348. Show how the circumstances here are alike and unlike those that oc-
curred on Soloman’s porch.
349. What was the ground of the amazement of the Jewish brethren?
350. To whom were the words “can any man forbid water that these should
not be baptized-” directed?
ACTS M A D E ACTUAL 10:47-11:3
action of God in the case overrules any such hesitancy. Peter had
commanded the first Jews to be baptized, and that “in the name
of Jesus Christ.” Here he commands the first Gentiles to do the
same thing. In the command to the Jews he had told them what
preceded baptism as well as the purpose of it (cf. 2:38). Here the
same man commands the same thing. We are persuaded that in
the message of Peter (which is only briefly outhned) he included
the same prerequisites since this gospel was to be preached unto “all
the nations, beginning from Jerusalem” (Luke 24:47).
5. AT JERUSALEM. 11:1-18.
a. News reaches Jerusalem; objection. 1-3.
1 Now the apostles and the brethren that were in Judaea
heard that the Gentiles also had received the word of
2 And when Peter was come up to Jerusalem, they that
were of the circumcision contended with him,
3 saying, Thou wentest in to men uncircumcised, and
didst eat with them.
1-3 The news of Peter’s work in Caesarea traveled faster than the
apostle. The word of the preaching to the Gentiles had spread
throughout the entire assembly by the time Peter arrived. Not on-
ly the apostles of Jerusalem heard, but also “the brethren that were
in Judea.”
The report of Peter’s work was that “the Gentiles also had re-
ceived the Word of God.” But when Peter arrived, the point at
issue was not the reception of the Word of God but rather the
propriety of eating with the uncircumcised.
b. The answer of Peter. 4-18.
4 But Peter began, and expounded the matter unto them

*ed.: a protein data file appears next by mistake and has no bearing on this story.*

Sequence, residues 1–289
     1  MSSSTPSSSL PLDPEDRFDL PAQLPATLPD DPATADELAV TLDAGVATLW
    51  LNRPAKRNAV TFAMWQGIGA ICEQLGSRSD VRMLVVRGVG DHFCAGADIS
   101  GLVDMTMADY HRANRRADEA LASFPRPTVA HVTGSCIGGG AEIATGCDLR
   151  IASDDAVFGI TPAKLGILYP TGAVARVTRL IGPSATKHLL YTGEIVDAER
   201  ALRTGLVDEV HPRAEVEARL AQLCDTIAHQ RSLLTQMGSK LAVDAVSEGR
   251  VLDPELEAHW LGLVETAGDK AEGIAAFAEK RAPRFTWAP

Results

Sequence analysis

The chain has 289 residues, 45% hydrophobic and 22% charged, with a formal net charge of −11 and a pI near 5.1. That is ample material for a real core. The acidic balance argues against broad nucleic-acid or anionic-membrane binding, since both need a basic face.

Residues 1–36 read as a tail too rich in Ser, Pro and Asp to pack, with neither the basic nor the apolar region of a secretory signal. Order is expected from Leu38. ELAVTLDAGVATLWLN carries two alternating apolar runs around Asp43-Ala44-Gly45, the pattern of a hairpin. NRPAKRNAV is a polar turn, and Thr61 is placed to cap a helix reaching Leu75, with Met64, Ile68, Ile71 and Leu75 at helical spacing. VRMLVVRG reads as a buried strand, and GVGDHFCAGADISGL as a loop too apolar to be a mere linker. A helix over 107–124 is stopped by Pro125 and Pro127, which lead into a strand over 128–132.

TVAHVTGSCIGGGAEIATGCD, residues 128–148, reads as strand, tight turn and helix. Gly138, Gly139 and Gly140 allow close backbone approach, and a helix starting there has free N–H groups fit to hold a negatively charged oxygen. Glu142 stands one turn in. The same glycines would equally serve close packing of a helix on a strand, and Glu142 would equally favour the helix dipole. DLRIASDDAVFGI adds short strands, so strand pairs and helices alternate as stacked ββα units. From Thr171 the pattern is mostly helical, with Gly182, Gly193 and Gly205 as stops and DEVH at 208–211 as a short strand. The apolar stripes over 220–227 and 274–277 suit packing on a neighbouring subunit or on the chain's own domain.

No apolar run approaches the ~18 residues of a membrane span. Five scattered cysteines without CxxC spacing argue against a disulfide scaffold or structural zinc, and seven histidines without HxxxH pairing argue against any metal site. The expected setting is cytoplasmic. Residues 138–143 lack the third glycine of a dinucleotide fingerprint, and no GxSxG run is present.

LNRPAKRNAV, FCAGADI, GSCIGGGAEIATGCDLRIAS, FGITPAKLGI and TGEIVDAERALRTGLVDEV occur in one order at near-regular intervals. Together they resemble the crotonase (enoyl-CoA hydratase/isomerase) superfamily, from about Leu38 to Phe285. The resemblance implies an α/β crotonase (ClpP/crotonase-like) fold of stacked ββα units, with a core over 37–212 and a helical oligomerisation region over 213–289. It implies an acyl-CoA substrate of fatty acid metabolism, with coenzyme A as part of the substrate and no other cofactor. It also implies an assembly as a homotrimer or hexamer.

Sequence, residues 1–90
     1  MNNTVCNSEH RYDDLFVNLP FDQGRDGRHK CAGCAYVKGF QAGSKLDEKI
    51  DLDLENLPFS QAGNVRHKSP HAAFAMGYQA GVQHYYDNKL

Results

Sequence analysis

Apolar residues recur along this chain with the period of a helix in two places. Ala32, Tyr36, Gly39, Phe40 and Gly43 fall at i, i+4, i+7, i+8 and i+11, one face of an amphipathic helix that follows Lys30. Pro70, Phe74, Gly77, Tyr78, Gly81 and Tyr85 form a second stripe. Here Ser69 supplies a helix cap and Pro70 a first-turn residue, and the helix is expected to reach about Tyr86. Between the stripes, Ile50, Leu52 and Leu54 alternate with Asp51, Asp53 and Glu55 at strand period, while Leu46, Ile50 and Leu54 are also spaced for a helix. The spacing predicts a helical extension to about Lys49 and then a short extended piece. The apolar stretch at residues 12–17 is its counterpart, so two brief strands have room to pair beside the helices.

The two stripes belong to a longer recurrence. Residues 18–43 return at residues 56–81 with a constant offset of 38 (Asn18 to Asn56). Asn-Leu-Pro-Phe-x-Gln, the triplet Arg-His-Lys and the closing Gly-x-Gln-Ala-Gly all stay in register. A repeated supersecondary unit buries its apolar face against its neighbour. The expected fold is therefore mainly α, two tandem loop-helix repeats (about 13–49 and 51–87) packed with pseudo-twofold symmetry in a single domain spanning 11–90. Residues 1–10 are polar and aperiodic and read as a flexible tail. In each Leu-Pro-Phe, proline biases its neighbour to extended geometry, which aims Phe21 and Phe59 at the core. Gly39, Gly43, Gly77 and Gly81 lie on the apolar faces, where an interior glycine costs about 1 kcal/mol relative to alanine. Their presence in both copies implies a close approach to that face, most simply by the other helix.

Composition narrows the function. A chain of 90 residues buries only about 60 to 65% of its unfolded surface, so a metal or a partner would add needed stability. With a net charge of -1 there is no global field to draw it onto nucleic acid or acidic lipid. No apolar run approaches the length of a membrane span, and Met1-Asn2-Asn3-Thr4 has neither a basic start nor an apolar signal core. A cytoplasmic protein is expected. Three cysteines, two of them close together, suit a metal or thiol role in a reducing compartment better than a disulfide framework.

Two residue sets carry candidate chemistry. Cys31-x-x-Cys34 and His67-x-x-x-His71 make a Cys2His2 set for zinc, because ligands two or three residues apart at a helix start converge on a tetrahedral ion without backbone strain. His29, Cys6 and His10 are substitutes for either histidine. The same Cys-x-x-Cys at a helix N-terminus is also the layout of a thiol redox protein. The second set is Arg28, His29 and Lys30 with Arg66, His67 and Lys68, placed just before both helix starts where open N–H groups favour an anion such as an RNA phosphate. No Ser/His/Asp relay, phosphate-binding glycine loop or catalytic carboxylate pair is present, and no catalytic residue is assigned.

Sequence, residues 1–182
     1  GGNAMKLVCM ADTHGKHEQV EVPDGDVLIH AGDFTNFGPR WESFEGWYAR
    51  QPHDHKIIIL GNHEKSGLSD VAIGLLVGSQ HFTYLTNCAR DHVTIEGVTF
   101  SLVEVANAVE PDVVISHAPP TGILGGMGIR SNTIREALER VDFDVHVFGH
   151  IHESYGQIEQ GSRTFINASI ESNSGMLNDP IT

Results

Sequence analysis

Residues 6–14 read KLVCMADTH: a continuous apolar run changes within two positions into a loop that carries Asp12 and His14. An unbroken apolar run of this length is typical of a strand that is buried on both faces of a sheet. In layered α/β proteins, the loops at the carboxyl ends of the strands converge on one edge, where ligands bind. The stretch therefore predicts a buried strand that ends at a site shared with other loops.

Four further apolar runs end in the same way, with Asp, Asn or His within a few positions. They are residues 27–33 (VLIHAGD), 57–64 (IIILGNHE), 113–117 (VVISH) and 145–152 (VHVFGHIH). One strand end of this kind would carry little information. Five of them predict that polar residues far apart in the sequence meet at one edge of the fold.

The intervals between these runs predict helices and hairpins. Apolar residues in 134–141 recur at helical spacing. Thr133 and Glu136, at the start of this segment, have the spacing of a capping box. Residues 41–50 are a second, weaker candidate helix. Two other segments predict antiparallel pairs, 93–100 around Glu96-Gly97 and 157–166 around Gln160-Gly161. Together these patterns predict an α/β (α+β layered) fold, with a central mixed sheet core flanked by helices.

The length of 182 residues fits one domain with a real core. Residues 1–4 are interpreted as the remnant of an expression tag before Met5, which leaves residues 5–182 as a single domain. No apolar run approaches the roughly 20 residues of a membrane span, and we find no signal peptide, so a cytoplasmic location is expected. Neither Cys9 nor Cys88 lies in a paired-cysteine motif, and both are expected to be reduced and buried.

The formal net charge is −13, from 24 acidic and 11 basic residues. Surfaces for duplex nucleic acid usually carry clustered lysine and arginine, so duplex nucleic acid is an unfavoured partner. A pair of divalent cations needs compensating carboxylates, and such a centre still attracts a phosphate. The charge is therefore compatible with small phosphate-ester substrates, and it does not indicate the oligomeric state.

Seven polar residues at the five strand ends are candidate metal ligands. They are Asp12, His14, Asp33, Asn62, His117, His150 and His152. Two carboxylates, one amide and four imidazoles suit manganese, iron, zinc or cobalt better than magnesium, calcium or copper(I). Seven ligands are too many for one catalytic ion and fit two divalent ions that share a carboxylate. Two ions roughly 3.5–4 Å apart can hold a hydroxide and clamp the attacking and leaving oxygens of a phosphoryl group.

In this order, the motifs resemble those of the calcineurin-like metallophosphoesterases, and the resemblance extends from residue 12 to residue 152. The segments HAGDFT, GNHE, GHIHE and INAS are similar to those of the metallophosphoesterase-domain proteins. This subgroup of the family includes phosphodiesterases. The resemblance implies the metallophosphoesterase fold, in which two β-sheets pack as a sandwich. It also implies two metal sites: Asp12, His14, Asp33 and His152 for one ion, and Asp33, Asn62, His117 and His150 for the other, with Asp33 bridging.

in order, saying,
5 I was in the city of Joppa praying: and in a trance I
saw a vision, a certain vessel descending, as it were
a great sheet let down from heaven by four corners;
and it came even unto me:
6 upon which when I had fastened mine eyes, I consider-
ed, and saw the four-footed beasts of the earth, and wild
beasts and creeping things and birds of the heaven.
351. What is familiar about the command of Peter that these be baptized
in the name of Jesus Christ?
352. Name the two groups in Jerusalem that heard of Peter’s work in
353. What was the point of issue when Peter returned to Jerusalem?
7 And I heard also a voice saying unto me, Rise, Peter;
kill and eat,
8 But I said, Not so, Lord: for nothing common or un-
clean hath ever entered into my mouth.
9 But a voice answered the second time out of heaven,
What God hath cleansed, make not thou common.
10 And this was done thrice: and all were drawn up again
into heaven,
11 And behold, forthwith three men stood before the house
in which we were, having been sent from Caesarea un-
to me.
12 And the Spirit bade me go with them, making no
distinction. And these six brethren also accompanied
me; and we entered into the man’s house:
13 and he told us how he had seen the angel standing in his
house, and saying, Send to Joppa, and fetch Simon,
whose surname is Peter;
14 who shall speak unto thee words, whereby thou shalt
be saved, thou and all thy house.
15 And as I began to speak, the Holy Spirit fell on them,
even as on us at the beginning.